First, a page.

Thursday, 6 September 2012

Gresca, Barcelona

Sardine with spiced butter

Despite its seemingly low rating on tripadvisor, the customer reviews of Gresca were nothing but positive and it was thus almost immediately shortlisted for our culinary jaunt around Barcelona. Curiosity piqued by their lack of website, we were for once left to imagine what we might be served at what has evidently become one of the city's best 'bistronomics'. Chef Rafa Pena, yet another Adria disciple, trades on the concept of elevating humble ingredients to new heights by way of some modern cooking. This enables the restaurant to offer high quality, inventive cuisine without the hefty price tag.
When we entered, the restaurant itself was uninhabited save for a sole Japanese tourist avidly photographing her food and a couple of friendly waiting staff. As was confirmed by almost every other restaurant experience in Barcelona, this was in fact a very good sign. Seated, we were recommended a very nice Albarino and chose the tasting menu which was priced at a very reasonable 45 euros.

The amuse-bouche came in the shape of a parmesan crisp which, though not particularly inspiring, easily usurped the Doritos and Mini Cheddars of this world! The first course was a cooling salad of tomatoes, yoghurt and rye bread crisps - perfect on a sweltering August evening. The simplicity belies how incredibly tasty it was, with great textural contrasts to boot. I promptly swore to recreate the dish at home, something that I would do repeatedly throughout the trip.

Next came an assortment of sauteed wild mushrooms covered in melted Comte cheese. Comfort food, Barcelona-style. Stick the combination on a burger and you'd have a umami-rich treat. This was followed by foie gras escabeche (below). Escabeche normally involves marinating fish in an acidic mixture, usually vinegar but sometimes citrus juice, and is similar to a ceviche but for the fact that the fish is usually cooked before marinating. The pickled vegetables and tart liquid made a great contrast to the unctuous, rich foie gras.
Foie escabeche
The sardine with spiced butter (see top photo) came out looking so fragile and pretty that it almost seemed a shame to ruin it. I often feel a tinge of regret when I upset the expertly crafted plates of food in these establishments. (Yeah. I know. I'm weird!). The sardine was lightly cured, the butter like a second skin, the fennel pollen and lemon zest cut through the saltiness of the fish with anise and citrus notes, and the hazelnut crisps added a different texture. All in all, a very accomplished dish.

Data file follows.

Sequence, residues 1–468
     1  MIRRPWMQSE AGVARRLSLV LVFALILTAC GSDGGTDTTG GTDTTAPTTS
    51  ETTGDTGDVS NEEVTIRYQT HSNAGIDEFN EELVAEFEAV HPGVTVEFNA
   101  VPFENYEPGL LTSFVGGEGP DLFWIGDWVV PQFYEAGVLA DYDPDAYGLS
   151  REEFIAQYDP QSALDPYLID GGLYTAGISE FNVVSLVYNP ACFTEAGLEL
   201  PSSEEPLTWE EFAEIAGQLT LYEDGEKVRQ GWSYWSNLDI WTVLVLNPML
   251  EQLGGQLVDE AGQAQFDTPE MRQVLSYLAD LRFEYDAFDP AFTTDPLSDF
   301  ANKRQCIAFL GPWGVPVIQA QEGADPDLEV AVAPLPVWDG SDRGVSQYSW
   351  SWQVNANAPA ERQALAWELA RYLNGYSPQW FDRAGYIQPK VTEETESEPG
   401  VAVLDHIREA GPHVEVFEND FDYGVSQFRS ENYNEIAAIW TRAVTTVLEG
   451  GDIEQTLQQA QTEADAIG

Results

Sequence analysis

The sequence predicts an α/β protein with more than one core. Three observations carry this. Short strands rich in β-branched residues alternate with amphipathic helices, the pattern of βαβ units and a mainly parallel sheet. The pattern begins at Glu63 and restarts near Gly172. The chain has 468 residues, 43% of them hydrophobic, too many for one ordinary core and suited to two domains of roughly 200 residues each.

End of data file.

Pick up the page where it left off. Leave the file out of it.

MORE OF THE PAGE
After that, a herb omelette encased in what can only be described as an iberico ham skin (shame there's no picture - but it wasn't exactly the most photogenic dish). Think caul fat but with a deeper, hammy flavour, wrapped around just-set scrambled eggs. Tasty but the texture as a whole was samey and not actually very pleasant. The same cannot be said of the 'Cod with rice' which was an example of how good the simplest of dishes can taste. A soup-like risotto of cod and peas with such a satisfying mouthfeel that it more than made up for the omelette.

The second fish dish consisted of a mystery fish which we've managed to work out through liberal use of google is almost certainly gilt-head bream. The waitress definitely said it was a 'dorada' at one point though she might have been saying that it was related to a bream. Either way, a good meaty fish, pine nut paste and charred, cinnamon spiced pearl onions made for an unusual but highly successful flavour combination. All the better for being surprising and inventive.
Mystery fish with pine nut paste and pearl onions
Now to the dish we had both had been looking forward to as soon as I set eyes on the tasting menu - veal sweetbreads with mustard mash. Seemingly uninspired, I know, but neither Anna and I had ever had sweetbreads. This is another way that Rafa Pena shows just how easy it is to take offal and transform it into something beautiful. To follow this was Pigeon with ginger & stir-fried baby vegetables - the gamey bird was wonderfully complemented by the bitterness of burnt ginger. A dish so frequently associated with duck, lifted to new levels through the use of an unsuspecting accomplice to Oriental flavours.

Sweetbreads with mustard mash

To paraphrase Raymond Blanc, you have to be serious with main courses but you can have fun with desserts. I particularly look forward to this part of the meal, even though I don't have a very sweet tooth, just because I know that the chefs will unleash their fun side on the desserts. The apple sorbet with roquefort was certainly fun in the sense that it was really playing with your palette, taking it one way then the other: crisp, sweet; salty, spicy. It worked but the blue cheese was slightly overwhelming. To finish - the spiced chocolate, which was garnished with rose petals, pistachios and another blend of spices summoning memories of German Christmas markets. By this point in any meal your palette has been pretty much overwhelmed. Suffice to say, a delightfully flavoured truffle.

Spiced chocolate
I would not hesitate in recommending Gresca to anyone visiting Barcelona. The bistronomic scene is thriving and it's easy to see why: these restaurants are located for the main part in stylish Eixample, yet they spurn all pretentiousness in terms of decor and instead put their total concentration into the food whilst offering incredible value for money. Just what the Spanish need in these tough economic times - a lesson which we Brits could do well to learn!